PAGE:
BOWMAN How does this spatial manipulation relate to your painted constructions? You began those about the same time, I believe.
BROWN When I did the “Skyscraper” and “Disaster” series in the summer of 1972, I remember thinking that these paintings centered on large single buildings were more three-dimensional than any of my other work.
BOWMAN So why not just make a building.
BOWMAN Do you consider them sculpture or painting?
BROWN I consider them three-dimensional paintings. They really aren’t sculptural.
BOWMAN You paint on this structure you make?
BROWN Yes. They’re objects, not really sculpture.
BOWMAN What about your transformed objects, the ones where a children’s slide becomes a highway or an iron becomes a police car?
BROWN In the spring of 1974 I used to go the Salvation Army store a lot—I still do—looking for different kinds of things I’d bring home. I consider some of those things art. Well, I went to the Salvation Army store once, and there was all this real junky furniture, lots of old kitchen chairs and stuff, and I got really interested in the shapes and how they suggested other forms. They looked a lot like figures and had faces and were very human. Just by looking at them you almost transformed them. I wanted to push that a little further, make it work, so that a chair would take on an almost human form. I did a chair like a child’s stool, and painted a scene on it, a lake, and helped it become more like a face. I helped the transformation along—to help other people to see what I saw. Some of the later constructions were object-to-object transformations like the irons into cars.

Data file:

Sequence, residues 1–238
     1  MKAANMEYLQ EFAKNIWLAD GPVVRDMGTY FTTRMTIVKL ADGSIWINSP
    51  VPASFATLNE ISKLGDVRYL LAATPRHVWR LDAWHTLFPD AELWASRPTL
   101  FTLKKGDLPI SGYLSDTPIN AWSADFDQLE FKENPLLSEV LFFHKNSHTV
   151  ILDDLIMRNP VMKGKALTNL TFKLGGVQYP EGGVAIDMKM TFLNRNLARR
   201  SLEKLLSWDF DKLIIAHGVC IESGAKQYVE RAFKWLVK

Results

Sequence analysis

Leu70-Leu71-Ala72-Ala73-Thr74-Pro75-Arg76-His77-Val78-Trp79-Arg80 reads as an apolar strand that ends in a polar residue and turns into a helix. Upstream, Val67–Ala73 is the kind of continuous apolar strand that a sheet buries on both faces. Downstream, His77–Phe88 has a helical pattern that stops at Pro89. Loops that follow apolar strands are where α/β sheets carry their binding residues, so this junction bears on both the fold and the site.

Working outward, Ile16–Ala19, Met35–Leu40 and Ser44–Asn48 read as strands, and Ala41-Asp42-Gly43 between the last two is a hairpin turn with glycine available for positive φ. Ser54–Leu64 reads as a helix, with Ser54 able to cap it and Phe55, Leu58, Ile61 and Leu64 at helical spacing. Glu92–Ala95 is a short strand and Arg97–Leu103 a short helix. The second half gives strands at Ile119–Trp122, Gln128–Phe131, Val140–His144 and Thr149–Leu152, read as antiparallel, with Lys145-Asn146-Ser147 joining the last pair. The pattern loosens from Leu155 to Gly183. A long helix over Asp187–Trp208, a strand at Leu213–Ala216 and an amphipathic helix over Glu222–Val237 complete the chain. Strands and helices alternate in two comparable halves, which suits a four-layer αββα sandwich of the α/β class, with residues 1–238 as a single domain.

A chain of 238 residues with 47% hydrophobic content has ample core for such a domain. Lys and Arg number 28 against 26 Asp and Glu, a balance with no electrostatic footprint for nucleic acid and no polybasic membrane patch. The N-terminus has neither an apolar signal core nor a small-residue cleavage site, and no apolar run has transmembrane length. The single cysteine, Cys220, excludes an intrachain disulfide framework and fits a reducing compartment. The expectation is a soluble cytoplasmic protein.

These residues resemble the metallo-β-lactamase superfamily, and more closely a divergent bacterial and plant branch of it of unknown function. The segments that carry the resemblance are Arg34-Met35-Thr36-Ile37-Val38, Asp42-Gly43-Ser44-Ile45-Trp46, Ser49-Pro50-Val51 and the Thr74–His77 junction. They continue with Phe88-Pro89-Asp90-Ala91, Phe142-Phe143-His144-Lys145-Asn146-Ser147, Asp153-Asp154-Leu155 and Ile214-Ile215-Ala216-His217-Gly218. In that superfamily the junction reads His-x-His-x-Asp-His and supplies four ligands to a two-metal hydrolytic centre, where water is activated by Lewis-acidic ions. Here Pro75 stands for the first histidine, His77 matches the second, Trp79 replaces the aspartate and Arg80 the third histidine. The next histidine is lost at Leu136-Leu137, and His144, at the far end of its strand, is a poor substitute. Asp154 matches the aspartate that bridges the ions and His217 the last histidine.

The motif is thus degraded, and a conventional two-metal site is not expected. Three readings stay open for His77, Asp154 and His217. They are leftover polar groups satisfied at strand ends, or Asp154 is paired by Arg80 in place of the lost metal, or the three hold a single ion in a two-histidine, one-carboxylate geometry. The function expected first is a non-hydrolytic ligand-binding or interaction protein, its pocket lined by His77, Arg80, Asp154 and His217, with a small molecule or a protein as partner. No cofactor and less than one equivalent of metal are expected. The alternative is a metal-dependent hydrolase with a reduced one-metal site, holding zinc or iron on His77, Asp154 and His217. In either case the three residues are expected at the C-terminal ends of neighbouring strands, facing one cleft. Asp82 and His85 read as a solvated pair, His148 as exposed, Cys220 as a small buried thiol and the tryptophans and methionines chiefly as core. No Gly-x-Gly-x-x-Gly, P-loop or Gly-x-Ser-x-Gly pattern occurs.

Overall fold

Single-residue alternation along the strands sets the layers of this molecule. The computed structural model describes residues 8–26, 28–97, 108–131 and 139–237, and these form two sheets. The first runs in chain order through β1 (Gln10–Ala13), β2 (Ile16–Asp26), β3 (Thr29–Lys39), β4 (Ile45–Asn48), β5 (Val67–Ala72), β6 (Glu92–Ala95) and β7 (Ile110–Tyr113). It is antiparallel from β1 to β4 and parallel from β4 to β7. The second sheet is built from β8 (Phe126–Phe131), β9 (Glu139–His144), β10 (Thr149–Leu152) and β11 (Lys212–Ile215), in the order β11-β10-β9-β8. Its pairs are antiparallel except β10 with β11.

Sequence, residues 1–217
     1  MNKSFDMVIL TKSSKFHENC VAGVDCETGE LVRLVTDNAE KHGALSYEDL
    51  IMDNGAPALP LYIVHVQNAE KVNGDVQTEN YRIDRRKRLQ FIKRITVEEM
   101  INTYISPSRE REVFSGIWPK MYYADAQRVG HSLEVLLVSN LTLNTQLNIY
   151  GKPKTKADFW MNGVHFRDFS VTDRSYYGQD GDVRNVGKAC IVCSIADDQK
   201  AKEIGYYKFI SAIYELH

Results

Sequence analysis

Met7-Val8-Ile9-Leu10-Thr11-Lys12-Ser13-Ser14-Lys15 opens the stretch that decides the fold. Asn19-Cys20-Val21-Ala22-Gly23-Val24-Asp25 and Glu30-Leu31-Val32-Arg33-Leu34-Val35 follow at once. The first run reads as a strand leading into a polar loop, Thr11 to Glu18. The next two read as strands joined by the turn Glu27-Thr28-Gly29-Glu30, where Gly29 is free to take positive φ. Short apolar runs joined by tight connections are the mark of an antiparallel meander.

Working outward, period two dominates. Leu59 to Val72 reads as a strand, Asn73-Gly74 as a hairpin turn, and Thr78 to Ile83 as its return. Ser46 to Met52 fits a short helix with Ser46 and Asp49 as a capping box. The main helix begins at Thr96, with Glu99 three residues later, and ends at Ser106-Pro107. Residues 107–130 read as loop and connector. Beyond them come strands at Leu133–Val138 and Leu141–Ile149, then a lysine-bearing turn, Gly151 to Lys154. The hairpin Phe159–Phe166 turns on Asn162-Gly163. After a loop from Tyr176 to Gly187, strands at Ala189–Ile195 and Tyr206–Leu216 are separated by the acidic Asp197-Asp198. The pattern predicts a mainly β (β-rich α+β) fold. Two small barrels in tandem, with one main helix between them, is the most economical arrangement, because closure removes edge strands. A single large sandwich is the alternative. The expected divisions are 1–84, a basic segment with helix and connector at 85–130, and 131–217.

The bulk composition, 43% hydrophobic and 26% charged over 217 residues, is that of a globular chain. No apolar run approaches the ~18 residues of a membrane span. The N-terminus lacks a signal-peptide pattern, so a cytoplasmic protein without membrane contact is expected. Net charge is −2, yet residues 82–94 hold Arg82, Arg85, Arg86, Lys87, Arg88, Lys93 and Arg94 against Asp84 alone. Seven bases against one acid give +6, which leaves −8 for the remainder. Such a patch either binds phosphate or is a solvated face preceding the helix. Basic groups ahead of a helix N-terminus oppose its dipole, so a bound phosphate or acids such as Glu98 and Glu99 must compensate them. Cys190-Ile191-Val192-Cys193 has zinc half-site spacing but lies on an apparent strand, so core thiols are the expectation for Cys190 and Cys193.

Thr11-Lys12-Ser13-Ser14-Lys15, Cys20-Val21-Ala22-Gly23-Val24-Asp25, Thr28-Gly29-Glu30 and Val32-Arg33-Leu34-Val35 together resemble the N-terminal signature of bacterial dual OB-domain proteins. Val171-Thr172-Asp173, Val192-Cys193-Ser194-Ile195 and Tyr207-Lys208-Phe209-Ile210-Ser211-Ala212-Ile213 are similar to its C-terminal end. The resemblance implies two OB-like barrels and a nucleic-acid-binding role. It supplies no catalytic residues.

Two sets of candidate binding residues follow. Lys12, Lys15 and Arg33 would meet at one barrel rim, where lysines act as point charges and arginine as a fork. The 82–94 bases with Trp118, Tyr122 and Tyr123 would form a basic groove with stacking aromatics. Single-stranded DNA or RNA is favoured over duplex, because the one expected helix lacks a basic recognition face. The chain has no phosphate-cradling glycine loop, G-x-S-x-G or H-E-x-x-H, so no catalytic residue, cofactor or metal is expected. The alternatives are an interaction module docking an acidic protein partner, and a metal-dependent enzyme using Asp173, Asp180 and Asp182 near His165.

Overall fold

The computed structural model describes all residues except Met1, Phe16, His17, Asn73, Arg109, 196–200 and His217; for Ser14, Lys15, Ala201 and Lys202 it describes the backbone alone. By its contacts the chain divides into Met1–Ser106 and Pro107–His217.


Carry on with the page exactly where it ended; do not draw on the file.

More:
BOWMAN A recent development in your work is atmospheric perspective. You make a painting that reads flat, but it also has atmospheric perspective which indicates depth. I remember one long, horizontal canvas which shows a continuous scene, but one side is in atmospheric perspective and the other isn’t. How did that whole idea come up?